Murphy's Law: Saving Soldiers From Good Intentions


April 22, 2013: In the last few months the U.S. military has lost fifteen marines and SEALs in training accidents. Commanders are bracing themselves for the usual flood of demands from media and politicians that something be done. Often the result is to forbid dangerous training activities and subtly let it be known that any officer associated with a fatal training accident can expect problems with their next promotion. Yet a decade of war has reminded many in the military that strenuous (and often dangerous) training saves you even more casualties in combat. This is nothing new. For thousands of years experienced combat troops have known that, "the more you sweat in peace, the less you bleed in war." During World War II the U.S. Army surveyed the troops to see what they thought about their training, leadership, and a host of other items. One of the more surprising things to come out of these surveys was the feeling among combat troops that their training wasn't tough enough. World War II "basic" was generally quite intense, more severe than anything recruits experienced in the last fifty years. But actual combat quickly revealed that even more intensity in that training would have been a big, often life-saving, help.

During wartime the troops get better. Practice and experience definitely have an effect. But during peacetime something worse happens. Not only does the lack of practice make the troops less ready to survive actual combat but the commanders have a vested interest in denying that this is happening. The rot sets in rather quickly after a war has ended. Training for combat is not only a lot of work but it's also dangerous. Realistic training means some of the troops are going to get hurt or killed. This is a political no-no, at least in democracies. At the same time, a democracy demands accountability from its elected officials. If the taxpayers are going to fork over billions a year for defense they want to be reassured that the money is buying real, kick ass, combat power. That often results in unpleasant truths being hidden or just ignored.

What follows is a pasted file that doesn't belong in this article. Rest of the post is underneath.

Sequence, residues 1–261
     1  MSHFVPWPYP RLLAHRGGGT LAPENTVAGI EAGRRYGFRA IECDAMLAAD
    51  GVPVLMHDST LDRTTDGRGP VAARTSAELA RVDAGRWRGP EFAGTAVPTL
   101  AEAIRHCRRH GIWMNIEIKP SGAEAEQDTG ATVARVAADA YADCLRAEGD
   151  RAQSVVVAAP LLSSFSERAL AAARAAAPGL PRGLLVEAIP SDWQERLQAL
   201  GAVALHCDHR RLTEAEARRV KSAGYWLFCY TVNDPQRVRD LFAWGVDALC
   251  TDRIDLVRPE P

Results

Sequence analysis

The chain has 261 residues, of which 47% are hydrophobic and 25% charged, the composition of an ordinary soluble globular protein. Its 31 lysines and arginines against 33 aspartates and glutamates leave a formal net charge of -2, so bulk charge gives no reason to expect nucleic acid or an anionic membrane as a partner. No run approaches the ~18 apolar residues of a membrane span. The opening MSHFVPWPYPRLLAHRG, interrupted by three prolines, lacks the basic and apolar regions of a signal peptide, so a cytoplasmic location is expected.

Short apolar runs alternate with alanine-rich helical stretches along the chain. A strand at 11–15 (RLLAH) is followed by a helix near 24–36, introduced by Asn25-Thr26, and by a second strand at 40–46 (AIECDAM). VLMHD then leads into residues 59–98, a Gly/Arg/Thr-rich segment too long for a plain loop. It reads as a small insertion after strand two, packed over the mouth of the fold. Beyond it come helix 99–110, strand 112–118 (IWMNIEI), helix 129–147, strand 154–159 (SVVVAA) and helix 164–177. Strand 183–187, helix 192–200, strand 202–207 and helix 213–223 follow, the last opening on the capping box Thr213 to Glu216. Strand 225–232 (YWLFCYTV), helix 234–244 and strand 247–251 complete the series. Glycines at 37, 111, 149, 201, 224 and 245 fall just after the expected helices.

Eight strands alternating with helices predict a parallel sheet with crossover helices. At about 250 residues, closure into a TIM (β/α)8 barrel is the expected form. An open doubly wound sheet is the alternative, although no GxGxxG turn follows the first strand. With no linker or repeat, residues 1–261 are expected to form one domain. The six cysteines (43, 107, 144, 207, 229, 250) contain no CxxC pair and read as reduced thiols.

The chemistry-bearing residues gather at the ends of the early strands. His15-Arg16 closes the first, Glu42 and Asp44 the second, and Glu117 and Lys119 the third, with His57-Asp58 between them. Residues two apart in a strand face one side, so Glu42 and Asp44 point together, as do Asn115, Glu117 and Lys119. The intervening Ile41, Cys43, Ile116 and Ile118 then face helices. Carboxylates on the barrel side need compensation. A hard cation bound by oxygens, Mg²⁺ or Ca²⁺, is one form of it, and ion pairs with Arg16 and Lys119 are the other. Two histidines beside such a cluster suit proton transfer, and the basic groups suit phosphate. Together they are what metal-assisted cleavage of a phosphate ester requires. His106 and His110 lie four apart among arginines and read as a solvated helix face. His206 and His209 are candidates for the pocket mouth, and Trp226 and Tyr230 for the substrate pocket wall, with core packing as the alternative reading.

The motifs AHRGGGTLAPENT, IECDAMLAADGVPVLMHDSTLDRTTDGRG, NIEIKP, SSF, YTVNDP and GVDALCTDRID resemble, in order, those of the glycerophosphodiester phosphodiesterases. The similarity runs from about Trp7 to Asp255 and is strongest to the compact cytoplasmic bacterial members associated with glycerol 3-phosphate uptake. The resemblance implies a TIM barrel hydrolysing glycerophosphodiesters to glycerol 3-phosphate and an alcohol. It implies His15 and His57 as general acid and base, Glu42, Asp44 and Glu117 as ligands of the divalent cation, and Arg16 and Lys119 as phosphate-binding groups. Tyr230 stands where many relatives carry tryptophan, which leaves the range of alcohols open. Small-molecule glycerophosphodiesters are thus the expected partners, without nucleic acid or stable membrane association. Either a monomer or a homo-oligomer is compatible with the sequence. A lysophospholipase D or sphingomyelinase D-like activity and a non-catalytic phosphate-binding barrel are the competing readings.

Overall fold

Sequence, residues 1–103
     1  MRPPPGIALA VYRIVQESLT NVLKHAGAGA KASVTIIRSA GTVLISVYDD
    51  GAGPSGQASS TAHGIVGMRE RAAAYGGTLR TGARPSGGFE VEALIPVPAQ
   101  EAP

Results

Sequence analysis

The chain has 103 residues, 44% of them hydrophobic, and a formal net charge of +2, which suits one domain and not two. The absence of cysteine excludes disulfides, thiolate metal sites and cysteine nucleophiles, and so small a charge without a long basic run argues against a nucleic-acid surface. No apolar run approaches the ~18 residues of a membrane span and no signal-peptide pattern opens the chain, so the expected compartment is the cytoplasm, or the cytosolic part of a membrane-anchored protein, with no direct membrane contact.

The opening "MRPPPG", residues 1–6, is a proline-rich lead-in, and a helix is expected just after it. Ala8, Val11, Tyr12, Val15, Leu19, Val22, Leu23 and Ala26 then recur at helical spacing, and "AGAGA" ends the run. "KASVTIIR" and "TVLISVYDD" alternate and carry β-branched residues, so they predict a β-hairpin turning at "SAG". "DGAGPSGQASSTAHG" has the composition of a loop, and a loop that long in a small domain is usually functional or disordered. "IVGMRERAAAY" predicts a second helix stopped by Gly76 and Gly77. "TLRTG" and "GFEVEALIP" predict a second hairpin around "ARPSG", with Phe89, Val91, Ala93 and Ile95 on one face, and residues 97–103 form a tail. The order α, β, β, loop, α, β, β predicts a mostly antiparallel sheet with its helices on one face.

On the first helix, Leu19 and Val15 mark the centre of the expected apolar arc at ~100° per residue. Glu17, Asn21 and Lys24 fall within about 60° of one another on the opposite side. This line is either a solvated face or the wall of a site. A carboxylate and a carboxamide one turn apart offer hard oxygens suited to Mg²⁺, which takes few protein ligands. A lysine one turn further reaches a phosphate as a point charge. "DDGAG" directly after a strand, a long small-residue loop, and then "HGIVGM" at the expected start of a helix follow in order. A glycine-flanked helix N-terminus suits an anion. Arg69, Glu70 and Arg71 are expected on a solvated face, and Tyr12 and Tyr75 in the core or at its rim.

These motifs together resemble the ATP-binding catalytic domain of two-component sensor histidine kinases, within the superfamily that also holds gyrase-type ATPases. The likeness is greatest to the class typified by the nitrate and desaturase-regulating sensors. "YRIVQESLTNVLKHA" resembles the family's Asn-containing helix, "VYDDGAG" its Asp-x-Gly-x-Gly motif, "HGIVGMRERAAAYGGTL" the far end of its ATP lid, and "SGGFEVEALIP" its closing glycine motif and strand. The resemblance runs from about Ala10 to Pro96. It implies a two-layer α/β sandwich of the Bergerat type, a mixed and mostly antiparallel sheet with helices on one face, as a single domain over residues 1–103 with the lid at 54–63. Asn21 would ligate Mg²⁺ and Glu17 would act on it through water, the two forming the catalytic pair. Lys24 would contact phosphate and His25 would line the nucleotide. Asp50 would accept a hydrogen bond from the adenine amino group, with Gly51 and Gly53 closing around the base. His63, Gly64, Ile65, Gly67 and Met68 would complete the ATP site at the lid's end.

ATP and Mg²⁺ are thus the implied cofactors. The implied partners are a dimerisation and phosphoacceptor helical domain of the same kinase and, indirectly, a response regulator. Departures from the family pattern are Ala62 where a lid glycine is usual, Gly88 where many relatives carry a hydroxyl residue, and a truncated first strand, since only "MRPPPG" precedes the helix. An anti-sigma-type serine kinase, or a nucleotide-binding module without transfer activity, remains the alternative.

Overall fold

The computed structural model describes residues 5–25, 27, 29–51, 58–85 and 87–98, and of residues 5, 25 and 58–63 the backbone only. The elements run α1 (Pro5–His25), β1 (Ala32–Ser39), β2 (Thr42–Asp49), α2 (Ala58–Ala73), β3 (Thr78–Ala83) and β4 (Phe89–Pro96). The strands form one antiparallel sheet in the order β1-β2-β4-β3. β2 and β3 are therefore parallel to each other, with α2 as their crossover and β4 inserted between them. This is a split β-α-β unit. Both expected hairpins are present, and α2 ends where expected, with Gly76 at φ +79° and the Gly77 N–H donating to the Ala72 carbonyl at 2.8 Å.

When American troops entered combat in large numbers during the 2003 Iraq invasion, it quickly became clear that many troops were not ready. The reason for this was simple but generally ignored by the media and politicians. It all began in the 1990s, when basic training was changed from a conditioning process that turned undisciplined civilians into disciplined soldiers into something far less. Discipline is essential for military operations. In life and death situations, failure to act promptly and efficiently when ordered to will get you, and others, killed.

This destruction of basic training was not done on purpose but to accommodate the decision in the early 1990s to integrate men and women in basic training. For decades male and female recruits got their basic separately. By putting them together it became obvious that the women could not compete physically and psychologically with the men. But a new policy, pushed by many in Congress, declared that men and women were equal on the battlefield and should take the same basic training. When the military found this did not work, they (with the exception of the Marines, who resisted the political pressure and continued separate training) lowered the standards to suit the weakest women. Much of the yelling and verbal abuse delivered by drill sergeants was also eliminated, for while it turned the men into disciplined soldiers, it encouraged too many women to quit. After all, women did not join the army with any thought of combat but for a job. Most of the men did not get combat assignments either but everyone was aware that in a tight situation the non-combat soldiers might actually have to use their rifles, and the place to make that point was basic training. In effect, 1990s basic became the old, but kinder and gentler, female version that taught you how to wear a uniform, march in formation, and provided some familiarization with basic infantry weapons.